“Technologies are artificial, but…artificiality is natural to human beings.”
— Walter Ong, Orality and Literacy, p. 82
The diversity of communication forms devised by humans, evident in Andy Weir’s The Martian, demonstrate Ong’s statement well; rather than corrupting a natural state, communication technologies enrich the human experience by encouraging different types of conversations and satisfying different needs. Methods of communication range from instantaneous/most interactive (e.g., orality/speech) to permanent/least interactive (e.g., literacy/print).
The Martian’s juxtaposition of the two communication extremes reveals varying applications for each style. Weir tells much of the story via intensely dialogue-driven scenes in NASA’s headquarters and a single, first-person log used to give Watney’s perspective. The dialogues progress less linearly, with multiple characters giving perspectives and adding to the plot, while Watney’s log is, for the most part, a simple, chronological account of just his own experience. Within the universe of the novel, these different communication strategies serve their purposes; the fast-paced conversations of officials at NASA are key to cooperating for Watney’s survival, while Watney’s log fulfills an internal desire to tell his story and helps to keep him sane while he’s the only man on Mars. Outside the universe of the novel, the variety of writing style emphasizes the contrast between Watney’s isolation and NASA’s busy collaboration as well as makes the novel stylistically interesting.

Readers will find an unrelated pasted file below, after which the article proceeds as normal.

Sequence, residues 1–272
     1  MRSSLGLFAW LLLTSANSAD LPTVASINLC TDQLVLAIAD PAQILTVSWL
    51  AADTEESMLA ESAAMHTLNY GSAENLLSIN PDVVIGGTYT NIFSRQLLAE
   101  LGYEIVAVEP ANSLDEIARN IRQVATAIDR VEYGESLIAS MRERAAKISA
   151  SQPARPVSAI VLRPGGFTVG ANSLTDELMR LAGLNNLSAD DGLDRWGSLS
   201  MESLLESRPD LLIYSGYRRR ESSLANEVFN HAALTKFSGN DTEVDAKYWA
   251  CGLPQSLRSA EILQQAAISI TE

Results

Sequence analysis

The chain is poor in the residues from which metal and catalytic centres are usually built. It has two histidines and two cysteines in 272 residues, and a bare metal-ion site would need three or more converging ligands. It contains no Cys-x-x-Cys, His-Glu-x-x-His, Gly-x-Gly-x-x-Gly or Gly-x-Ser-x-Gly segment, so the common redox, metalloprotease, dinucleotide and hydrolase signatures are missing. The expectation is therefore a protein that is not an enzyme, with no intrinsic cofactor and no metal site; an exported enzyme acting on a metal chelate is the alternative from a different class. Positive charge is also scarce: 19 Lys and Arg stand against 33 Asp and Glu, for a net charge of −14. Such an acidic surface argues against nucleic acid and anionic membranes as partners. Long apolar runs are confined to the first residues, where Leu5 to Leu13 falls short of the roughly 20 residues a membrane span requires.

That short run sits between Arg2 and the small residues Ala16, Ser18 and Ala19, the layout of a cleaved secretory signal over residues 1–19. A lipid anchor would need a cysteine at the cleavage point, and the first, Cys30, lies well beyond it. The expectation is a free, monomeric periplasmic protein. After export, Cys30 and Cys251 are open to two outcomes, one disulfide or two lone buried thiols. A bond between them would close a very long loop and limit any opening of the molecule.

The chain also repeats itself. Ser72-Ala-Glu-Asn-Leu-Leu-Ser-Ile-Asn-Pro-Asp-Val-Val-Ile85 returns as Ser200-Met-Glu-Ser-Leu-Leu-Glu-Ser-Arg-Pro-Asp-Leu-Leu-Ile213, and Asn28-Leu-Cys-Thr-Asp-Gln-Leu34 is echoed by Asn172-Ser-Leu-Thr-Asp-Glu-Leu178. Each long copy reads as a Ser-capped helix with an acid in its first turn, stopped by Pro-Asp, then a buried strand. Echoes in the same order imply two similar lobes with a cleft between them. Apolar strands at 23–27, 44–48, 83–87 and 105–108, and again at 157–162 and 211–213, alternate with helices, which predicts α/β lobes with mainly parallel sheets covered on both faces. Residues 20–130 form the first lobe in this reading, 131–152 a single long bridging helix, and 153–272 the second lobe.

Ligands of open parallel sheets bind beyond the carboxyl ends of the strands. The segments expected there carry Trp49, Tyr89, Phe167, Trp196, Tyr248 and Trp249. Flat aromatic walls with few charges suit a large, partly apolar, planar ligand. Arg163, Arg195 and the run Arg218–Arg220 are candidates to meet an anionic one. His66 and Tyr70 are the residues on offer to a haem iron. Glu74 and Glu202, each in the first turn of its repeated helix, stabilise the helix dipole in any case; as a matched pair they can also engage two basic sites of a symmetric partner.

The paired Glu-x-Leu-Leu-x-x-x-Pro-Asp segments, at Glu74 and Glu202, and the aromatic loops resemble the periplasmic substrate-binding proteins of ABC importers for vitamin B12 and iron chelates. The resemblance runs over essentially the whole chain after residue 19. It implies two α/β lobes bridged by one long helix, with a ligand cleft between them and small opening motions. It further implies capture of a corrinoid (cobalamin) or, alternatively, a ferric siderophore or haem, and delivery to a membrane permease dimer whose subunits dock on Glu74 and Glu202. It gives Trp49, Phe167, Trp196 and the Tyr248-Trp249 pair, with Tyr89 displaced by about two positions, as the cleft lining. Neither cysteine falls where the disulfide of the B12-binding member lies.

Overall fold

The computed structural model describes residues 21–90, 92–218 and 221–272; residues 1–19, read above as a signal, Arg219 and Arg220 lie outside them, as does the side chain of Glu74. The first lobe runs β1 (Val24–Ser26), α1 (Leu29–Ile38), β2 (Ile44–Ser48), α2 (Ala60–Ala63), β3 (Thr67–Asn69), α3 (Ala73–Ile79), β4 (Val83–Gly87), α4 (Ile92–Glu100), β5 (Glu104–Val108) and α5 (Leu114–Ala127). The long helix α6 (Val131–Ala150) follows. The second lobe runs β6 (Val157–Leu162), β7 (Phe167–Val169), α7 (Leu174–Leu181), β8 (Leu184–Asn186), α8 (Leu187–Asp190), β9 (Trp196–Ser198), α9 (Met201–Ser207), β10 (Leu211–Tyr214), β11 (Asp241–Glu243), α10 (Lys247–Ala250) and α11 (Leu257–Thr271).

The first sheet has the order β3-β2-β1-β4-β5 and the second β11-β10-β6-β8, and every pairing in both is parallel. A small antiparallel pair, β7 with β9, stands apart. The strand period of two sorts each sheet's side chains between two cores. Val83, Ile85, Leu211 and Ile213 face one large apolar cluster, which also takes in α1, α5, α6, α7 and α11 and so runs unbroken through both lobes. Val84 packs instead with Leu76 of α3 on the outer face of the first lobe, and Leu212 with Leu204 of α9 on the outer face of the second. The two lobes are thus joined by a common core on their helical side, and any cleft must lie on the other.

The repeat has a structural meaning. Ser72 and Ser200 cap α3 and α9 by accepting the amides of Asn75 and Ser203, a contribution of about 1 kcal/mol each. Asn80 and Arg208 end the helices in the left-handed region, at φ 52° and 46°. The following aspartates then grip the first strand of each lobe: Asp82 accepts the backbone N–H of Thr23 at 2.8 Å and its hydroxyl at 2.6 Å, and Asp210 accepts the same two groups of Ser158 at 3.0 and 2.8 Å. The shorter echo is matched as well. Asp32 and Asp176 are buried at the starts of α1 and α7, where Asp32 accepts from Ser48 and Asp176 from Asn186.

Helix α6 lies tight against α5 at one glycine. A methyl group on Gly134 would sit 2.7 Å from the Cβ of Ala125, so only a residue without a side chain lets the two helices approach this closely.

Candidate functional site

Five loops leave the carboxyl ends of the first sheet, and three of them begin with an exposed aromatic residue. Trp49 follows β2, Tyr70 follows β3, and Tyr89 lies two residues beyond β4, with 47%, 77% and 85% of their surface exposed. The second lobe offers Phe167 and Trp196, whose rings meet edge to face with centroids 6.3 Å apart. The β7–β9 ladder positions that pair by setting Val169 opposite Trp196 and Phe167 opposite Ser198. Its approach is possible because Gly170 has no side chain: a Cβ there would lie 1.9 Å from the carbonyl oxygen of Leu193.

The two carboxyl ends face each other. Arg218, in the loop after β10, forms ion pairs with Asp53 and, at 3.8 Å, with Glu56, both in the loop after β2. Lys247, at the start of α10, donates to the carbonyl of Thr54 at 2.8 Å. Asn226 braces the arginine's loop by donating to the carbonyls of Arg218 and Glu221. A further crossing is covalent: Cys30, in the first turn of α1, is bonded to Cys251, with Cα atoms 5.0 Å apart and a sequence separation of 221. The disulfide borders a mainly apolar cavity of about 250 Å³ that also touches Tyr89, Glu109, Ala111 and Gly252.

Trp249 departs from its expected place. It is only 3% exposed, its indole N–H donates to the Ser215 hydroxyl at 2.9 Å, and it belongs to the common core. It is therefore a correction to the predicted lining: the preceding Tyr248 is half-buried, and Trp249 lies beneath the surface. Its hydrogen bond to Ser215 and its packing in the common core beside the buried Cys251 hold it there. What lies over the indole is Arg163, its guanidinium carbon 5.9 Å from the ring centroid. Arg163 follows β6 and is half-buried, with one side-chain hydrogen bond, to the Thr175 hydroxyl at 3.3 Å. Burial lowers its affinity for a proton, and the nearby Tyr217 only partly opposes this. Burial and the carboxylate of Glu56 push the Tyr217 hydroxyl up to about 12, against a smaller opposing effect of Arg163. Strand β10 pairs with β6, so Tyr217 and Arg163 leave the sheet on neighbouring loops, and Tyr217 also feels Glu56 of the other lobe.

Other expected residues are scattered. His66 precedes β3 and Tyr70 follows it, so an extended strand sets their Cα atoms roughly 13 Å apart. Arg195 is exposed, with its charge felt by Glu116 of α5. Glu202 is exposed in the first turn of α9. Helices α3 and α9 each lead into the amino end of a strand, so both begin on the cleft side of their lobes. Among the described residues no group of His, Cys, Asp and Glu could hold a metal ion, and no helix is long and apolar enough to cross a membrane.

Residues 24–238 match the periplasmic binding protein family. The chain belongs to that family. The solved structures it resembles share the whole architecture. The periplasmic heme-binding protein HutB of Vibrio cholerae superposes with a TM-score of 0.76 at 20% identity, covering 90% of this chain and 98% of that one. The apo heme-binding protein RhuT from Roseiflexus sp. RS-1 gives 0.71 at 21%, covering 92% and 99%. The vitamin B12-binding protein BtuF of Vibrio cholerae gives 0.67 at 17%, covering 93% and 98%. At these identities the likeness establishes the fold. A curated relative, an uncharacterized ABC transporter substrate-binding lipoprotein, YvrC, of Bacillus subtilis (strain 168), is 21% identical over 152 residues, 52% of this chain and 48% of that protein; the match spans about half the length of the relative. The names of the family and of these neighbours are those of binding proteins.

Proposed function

Watney’s narration is particularly interesting, as it demonstrates both organizational/practical and more personal communicative aspects of the written word. Sometimes, it seems clear that Watney is simply verbalizing his own thought processes, such as on Sol 25 when he describes his plan to turn the inside of the Hab into arable land. He lists out supplies that he has, bats around some math, and verbalizes doubts in order to organize his thoughts (“I still don’t have the water to moisten all that soil, but like I said, one thing at a time”, p. 19). This use of writing seems logical since, as Ong points out, print made possible and encouraged lists and indexes, which, in an oral world, were impossible to save and somewhat awkward to give. A permanent log stands to benefit Watney’s repairs. Additionally, a log that is one day found could benefit science as a whole, a cause that Watney would probably support.
On the other hand, however, Watney uses a gratuitous amount of direct address for a log that is purely for organizational and practical purposes. The same log entry begins, “Remember those old math questions you had in algebra class?” (p. 18). The use of writing or print as a personal message is hardly explored by Ong, who makes no mention of letters, emails, or similar media, but Watney’s belief that his words will get to someone eventually makes him want to reach out in a more personal way. His questions don’t really require answers, but they’re conversational in tone. Although Watney is unable to engage in a back-and-forth conversation with his reader, he’s definitely grasping for a way to fulfill his need for communication.
Throughout The Martian, Weir continues to play with different modes of communication on multiple levels. Characters in the book propose and use various means of communication dictated by the needs of the situation, including satellite imaging, Watney’s ASCII “Speak & Spell” method using Pathfinder’s camera, the rover’s messaging system, and more. The book itself also varies style in order to give a variety of perspectives on the story’s development, with Weir conveying the story through logs, dialogue, descriptions of press conferences and television interviews, emails, and traditional narrative description (notably, in the description of the manufacturing and deployment of Sheet AL102, which [[spoiler]] ultimately fails). While Ong notes that different modes of communication can be seen as in conflict (Plato rejected writing in favor of speech, just as concern over computer overuse has led some to prefer the written word), in Weir’s novel at least, many modes of communication can coexist.